The Great Depression Essay

902 words - 4 pages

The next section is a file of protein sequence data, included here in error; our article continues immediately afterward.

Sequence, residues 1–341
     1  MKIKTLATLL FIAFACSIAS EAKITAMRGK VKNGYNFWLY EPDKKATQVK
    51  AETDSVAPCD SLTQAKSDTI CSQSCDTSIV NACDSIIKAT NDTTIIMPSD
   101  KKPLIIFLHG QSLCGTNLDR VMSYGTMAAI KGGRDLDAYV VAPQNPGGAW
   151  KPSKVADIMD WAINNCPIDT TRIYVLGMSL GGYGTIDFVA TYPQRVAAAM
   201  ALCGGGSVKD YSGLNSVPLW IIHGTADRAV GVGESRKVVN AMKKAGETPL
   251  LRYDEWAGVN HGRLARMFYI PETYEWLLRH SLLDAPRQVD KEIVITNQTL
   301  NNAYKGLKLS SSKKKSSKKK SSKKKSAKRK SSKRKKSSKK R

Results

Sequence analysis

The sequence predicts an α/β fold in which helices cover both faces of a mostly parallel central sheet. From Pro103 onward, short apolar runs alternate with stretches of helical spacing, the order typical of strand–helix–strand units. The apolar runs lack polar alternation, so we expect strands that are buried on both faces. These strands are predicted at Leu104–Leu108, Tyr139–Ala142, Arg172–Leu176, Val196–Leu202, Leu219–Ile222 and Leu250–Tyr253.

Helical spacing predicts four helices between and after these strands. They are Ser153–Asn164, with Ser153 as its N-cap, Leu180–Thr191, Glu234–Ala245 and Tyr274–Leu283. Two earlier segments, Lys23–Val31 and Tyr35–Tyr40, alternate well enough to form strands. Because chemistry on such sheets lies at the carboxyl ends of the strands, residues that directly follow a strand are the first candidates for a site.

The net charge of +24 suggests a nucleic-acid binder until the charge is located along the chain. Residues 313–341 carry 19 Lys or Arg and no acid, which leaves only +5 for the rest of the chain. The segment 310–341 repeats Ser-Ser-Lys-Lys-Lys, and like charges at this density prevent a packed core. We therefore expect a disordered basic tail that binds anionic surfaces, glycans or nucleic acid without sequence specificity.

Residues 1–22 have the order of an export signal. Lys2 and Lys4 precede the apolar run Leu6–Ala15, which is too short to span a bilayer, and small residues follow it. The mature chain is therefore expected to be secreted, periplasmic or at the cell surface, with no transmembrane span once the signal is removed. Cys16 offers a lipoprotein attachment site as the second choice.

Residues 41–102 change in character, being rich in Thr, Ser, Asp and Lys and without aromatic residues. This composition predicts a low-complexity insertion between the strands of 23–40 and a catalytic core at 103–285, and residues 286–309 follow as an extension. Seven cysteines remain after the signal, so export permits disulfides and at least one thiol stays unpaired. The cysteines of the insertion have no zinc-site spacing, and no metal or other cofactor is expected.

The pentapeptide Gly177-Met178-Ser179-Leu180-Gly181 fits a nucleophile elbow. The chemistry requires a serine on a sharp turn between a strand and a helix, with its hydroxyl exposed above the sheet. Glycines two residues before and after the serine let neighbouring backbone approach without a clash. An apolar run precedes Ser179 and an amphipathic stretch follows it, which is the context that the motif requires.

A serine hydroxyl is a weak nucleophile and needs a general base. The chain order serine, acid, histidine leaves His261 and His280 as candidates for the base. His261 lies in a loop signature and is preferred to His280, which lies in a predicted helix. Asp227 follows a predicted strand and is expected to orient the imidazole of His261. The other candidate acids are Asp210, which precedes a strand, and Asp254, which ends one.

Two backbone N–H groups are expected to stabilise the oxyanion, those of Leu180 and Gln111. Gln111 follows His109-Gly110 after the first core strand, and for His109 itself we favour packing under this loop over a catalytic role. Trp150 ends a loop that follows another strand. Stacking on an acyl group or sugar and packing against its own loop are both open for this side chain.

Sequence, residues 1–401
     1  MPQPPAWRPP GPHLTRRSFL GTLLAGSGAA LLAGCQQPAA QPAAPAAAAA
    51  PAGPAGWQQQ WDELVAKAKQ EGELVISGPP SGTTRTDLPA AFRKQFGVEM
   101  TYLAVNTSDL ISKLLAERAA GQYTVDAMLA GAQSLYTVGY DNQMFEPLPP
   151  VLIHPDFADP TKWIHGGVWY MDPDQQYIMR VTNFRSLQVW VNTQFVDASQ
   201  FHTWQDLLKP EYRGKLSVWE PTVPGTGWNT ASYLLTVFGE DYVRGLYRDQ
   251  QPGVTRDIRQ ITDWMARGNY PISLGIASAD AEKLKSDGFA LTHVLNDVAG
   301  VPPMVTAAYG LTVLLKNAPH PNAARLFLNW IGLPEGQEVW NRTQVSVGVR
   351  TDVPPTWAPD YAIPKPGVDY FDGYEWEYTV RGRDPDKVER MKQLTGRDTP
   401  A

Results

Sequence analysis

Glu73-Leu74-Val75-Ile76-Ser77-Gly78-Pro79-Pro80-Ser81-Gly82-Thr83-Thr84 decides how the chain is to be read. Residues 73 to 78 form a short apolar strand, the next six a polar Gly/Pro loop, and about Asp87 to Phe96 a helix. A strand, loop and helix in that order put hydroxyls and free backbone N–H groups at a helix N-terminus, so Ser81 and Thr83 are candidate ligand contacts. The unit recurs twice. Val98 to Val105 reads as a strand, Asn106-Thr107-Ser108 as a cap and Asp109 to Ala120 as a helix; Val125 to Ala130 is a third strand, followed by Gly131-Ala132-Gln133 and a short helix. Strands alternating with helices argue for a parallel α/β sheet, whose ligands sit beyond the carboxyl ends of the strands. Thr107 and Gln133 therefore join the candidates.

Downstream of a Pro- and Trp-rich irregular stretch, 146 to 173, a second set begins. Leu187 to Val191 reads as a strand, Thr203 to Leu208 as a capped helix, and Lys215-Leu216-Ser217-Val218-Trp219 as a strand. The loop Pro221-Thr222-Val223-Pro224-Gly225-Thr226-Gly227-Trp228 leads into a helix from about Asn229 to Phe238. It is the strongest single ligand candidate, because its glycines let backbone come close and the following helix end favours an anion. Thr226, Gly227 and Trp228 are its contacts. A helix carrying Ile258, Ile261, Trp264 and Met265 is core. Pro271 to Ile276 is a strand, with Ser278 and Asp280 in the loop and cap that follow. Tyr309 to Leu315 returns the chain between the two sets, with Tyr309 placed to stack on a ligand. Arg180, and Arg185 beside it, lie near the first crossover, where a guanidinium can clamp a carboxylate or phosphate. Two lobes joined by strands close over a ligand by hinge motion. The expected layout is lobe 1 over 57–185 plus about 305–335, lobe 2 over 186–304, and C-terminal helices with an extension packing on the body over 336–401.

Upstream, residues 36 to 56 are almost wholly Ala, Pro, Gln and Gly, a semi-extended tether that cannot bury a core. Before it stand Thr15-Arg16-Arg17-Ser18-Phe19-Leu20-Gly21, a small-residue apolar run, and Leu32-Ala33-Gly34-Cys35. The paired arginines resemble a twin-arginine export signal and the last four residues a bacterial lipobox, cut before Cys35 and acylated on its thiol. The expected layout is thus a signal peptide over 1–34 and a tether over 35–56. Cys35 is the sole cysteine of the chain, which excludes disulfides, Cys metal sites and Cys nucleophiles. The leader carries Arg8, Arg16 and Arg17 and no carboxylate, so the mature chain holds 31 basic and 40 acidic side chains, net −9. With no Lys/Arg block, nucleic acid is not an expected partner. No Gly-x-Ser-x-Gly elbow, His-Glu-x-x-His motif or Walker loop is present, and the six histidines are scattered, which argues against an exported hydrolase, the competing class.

Two books by different historians paint a largely similar picture of the Great Depression of the 1930s, but have quite different attitudes about this period. The Age of Extremes, The Short Twentieth Century 1914 - 1991, written by Eric Hobsbawm, who experienced the depression first hand, exaggerates somewhat the social suffering of this period. Whereas Britain in the Depression: Society and Politics 1929 - 1939 was written by two much younger historians, John Stevenson and Chris Cook, whose lives were not directly affected by the depression and can examine the period without bias, but they do tend to minimise the suffering caused.Britain in the Depression deals as it's title suggests, only with the effects of the great depression on Britain, whereas The Age of Extremes is a history of the world in the twentieth century. As such, Britain gives a much more in depth look at this period, and Age of Extremes only briefly goes over Britain in the depression, focusing more it's impact on the world as a whole. However, the two accounts do agree that was is the worst, most global economic disaster the world has ever seen, that it put millions out of work, created massive inflation in many areas, virtually destroyed most industry, and slowed world trade almost to a halt. They also both agree that while it made a large percentage of the population unemployed, for those with a job, things were getting better and better. However, Stevenson and Cook, acknowledge that it was a time of great poverty, but say that it wasn't as widespread as we have come to believe, in fact for the majority of the British populace who were employed, life was only getting easier. Hobsbawm's view of the 1930s is very much influenced by his own experiences of the depression, and as such, he shows us the traditional view of the Great Depression as a period of terrible widespread poverty and suffering.In his book, Hobsbawm looks largely at the negative impact of the depression, and justifiably so, as the negative impacts were far reaching, and disastrous in many places, but he does this at the expense of the positive side of the 1930s. It's not what he says, but rather what he omits from his writing that seems to exaggerate the suffering caused by the Great Depression. This is not to say that Hobsbawm's view is completely disproportionate, he does looks at the statistics, 22-23 per cent unemployment in Britain in 1932-33, and between 22 and 44 percent in America, and the rest of Europe , which would tell any informed reader that unemployment was at disastrous levels. He does briefly speak of the improving lives of those with jobs, but dismisses them as relatively unimportant...

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